In linking these animal and varied human observations, I am reminded of conclusions from my own research that allows play deprivation to be identified as correlated with serious criminal behavior. What we discovered is how serious early and continuing play deprivation had been in shaping, or lacking to shape competency and the ability to handle aggression into the lives of incarcerated homicidal males (compared with a large matched cohort) and how different were the lives of the “play adequate” comparison populations. These and other associated findings led our research staff to conclude that “belonging” and being morally connected to a community requires adequate complex play experiences. Particularly for young  homicidal males, we found that safe gradually more complex rough and tumble play appeared to provide the social learning  and empathy awareness necessary to modify harmful aggressive behavior. 

So just as animals need complex playful social interactions to function communally, it’s not too great a stretch to assume that we, too as a playful social species, also need complex play experiences to “belong” and have empathy for our fellow playful associates. Yes, I believe the animal and clinical human data demonstrates that it is profoundly necessary for humans to engage early on in progressively more complex social play as a shared solid developmental social neurobiological need.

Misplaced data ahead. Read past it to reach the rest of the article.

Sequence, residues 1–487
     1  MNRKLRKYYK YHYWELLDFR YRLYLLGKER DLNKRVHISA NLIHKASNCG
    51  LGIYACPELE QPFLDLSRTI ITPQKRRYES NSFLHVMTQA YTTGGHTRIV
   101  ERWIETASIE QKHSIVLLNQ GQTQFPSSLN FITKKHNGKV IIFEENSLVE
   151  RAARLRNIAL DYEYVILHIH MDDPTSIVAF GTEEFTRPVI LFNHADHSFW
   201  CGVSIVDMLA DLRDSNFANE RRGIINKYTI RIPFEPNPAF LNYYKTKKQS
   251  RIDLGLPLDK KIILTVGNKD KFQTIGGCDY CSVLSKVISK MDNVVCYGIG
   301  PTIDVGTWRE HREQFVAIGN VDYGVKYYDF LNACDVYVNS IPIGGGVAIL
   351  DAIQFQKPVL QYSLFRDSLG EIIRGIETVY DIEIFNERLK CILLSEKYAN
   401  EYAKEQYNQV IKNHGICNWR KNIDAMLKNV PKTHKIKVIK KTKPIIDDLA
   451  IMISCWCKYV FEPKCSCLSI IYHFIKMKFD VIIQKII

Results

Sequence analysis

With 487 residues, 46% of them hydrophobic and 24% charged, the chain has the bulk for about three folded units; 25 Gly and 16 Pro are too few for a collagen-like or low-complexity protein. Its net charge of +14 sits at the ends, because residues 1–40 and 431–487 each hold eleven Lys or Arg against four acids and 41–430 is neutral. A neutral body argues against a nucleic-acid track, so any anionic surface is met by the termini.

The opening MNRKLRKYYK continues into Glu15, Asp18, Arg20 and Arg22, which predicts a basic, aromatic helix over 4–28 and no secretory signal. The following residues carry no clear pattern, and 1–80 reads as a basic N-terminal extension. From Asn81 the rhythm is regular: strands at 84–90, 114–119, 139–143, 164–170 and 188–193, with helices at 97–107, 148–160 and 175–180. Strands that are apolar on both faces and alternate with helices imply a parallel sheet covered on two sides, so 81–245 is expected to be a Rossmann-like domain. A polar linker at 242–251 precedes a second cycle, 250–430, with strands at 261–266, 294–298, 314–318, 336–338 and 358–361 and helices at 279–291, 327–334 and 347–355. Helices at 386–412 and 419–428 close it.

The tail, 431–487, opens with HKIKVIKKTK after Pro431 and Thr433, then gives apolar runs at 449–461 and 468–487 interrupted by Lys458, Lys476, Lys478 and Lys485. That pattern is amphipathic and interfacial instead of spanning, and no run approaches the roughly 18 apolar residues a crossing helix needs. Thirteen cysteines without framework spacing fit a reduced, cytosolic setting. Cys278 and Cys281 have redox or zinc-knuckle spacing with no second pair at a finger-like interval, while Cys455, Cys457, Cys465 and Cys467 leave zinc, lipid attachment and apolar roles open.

So, let us affirm here again that experiencing early and continuing multiage social playful experiences are foundational elements for us all to activate and understand as being essential for fulfilled competent living.  

The pandemic’s isolation and its effects on child mental and physical health is evident. However, the need for lifelong play, the value of early mixed aged play, and yes, play beyond childhood is emerging as important doctrines that play science is confirming.

Future blogs will continue to affirm the benefits of mixed age play as an antidote to adult burn-out, and offer gateways to more fulfilling lives.  

Those who have had the pleasure of studying child development, know and appreciate the physical, cognitive, emotional, and social benefits of play. Mixed age play for kids is nature’s way of preparing them for more complex group living.  Now we can combine these positive aspects of early play with scientific evidence of how harmful play deprivation is to our species, at any age.